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Stand against reform

The government needs to rethink its position on the criminalisation of marital rape

By: Editorial |
August 31, 2017 12:40:24 am
marital rape, criminalisation marital rape, Delhi High Court, India news, indian express editorial If the government has its way, a woman subjected to sexual violence within the fold of marriage can only seek civil relief through the 2005 Act protecting against domestic violence.

To shore up a bad argument, it is always a good idea to threaten vague but dire consequences for traditional institutions. The central government has reached for this lifeline in its affidavit filed in Delhi High Court, opposing the criminalisation of marital rape for fear of damaging the very institution of marriage. Its stand goes against the grain of recent progressive rulings like the affirmation of the Right to Privacy and the abolition of triple talaq, and recommendations of the Justice JS Verma committee in 2013. If the government has its way, a woman subjected to sexual violence within the fold of marriage can only seek civil relief through the 2005 Act protecting against domestic violence.

From the time of John Stuart Mill, Western democracies have grappled with the question of women’s sexual autonomy, without which equality is an empty shell. Many have taken the ethical choice. On women’s issues, as in the case of recognition granted by the Supreme Court in 2015 to live-in relationships for purposes of inheritance, conferring rights which even reformist Sweden does not offer, Indian courts and legislatures have often taken progressive positions. Now, however, the government is doing a disservice by impeding the momentum of reform in India. It vainly argued against privacy rights, it wants to keep marital rape off the statute books. It must recall Justice J.S. Verma’s recommendation of a separate bill of rights for women guaranteeing “complete sexual autonomy”.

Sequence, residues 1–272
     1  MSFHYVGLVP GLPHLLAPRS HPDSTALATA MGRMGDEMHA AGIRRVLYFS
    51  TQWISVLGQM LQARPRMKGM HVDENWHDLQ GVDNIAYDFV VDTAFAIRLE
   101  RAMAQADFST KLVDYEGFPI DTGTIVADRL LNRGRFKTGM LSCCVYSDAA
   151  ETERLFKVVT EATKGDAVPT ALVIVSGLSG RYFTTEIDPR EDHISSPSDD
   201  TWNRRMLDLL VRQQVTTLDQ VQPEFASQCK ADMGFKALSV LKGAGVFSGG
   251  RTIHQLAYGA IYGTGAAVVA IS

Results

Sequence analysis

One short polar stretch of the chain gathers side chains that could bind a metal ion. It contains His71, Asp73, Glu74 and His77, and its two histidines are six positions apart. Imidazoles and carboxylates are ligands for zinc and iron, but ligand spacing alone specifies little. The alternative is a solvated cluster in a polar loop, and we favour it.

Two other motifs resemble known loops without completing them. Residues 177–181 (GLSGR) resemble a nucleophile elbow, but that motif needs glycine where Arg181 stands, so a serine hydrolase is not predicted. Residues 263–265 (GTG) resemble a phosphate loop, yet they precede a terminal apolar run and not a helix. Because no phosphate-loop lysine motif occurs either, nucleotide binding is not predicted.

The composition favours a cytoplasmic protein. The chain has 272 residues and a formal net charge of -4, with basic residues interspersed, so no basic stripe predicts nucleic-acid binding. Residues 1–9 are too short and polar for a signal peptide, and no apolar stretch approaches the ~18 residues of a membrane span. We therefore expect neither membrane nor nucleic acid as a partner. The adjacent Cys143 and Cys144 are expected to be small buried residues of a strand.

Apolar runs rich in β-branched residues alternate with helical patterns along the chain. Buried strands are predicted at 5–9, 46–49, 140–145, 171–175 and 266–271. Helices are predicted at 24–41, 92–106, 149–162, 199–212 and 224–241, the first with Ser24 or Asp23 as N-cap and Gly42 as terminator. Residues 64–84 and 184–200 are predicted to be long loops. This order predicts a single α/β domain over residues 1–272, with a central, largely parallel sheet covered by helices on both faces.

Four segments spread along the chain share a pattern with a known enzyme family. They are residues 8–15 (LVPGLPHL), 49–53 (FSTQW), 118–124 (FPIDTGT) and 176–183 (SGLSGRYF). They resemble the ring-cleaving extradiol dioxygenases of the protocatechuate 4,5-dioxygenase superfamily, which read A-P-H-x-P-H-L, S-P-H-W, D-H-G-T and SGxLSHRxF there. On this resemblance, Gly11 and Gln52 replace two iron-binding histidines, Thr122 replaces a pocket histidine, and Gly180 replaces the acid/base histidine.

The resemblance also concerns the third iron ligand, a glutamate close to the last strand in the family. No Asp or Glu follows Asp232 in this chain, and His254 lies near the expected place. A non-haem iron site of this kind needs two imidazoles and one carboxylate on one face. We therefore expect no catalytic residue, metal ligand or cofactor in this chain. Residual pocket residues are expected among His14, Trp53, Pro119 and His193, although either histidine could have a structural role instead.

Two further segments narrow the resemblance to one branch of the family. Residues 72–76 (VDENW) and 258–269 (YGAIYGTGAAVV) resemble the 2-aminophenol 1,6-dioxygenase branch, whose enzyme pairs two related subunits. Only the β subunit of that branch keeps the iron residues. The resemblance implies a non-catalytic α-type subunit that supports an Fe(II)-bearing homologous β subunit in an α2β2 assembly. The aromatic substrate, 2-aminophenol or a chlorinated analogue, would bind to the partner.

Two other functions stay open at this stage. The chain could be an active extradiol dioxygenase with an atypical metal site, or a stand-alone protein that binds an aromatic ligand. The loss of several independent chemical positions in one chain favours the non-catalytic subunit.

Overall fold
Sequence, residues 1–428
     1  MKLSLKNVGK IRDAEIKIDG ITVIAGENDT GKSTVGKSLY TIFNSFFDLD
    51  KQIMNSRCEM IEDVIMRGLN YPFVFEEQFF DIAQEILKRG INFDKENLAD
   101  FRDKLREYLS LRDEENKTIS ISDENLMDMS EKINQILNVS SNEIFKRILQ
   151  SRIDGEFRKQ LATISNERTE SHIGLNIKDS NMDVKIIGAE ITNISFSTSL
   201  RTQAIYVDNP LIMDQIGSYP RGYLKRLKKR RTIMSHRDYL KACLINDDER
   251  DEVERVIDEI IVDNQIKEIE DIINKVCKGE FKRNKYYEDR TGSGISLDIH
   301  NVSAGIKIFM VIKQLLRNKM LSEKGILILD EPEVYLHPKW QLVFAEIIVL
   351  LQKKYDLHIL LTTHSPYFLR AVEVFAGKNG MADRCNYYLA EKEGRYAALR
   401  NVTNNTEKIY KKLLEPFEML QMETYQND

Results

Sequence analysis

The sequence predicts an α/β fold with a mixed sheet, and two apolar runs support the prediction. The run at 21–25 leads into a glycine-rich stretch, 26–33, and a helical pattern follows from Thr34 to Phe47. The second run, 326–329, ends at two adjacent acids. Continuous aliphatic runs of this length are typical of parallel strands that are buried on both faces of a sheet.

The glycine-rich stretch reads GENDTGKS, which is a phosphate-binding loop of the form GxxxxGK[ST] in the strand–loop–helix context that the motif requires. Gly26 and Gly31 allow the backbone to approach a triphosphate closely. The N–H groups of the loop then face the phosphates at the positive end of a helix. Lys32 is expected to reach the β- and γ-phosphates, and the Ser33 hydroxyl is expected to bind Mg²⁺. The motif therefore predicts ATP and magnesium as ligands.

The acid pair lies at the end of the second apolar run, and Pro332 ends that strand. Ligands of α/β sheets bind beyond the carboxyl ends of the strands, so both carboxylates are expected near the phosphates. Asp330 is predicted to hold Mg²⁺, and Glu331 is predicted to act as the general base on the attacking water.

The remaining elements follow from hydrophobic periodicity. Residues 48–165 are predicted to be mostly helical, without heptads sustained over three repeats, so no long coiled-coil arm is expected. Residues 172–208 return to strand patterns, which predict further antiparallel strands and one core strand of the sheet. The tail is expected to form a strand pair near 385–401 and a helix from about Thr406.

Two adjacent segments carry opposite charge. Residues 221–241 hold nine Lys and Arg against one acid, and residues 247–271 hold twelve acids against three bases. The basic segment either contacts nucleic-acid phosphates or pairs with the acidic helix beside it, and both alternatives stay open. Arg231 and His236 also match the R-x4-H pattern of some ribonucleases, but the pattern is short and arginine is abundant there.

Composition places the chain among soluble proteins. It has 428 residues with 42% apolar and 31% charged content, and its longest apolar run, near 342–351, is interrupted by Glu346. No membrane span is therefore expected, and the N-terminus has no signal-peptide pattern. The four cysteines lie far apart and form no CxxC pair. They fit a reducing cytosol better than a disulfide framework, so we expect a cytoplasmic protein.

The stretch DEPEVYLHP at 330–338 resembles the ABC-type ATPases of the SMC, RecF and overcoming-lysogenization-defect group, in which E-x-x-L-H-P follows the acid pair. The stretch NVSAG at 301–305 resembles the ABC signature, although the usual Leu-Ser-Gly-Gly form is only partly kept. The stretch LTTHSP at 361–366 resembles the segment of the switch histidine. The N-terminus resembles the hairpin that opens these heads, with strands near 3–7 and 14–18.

Autonomy is the big legal question facing India, as the nation decides between a progressive culture of individual dignity and freedom, and a society regimented by traditional norms favouring powers conferred by birth and circumstance. The Delhi High Court is refereeing one skirmish in a larger battle. The contested point is dignity for women who are, by and large, the designated victims of sexual politics. Criminalising marital rape will not damage the institution of marriage, as the government fears. It will humanise it by purging it of its baser elements. The J.S. Verma committee had recommended the mandatory registration of all marriages before a magistrate, irrespective of the personal laws under which they were solemnised. Against the progressive tide of the times, the stand of the government on privacy and marital rape is simply unsustainable. To spare itself further embarrassment, it should seek better counsel.

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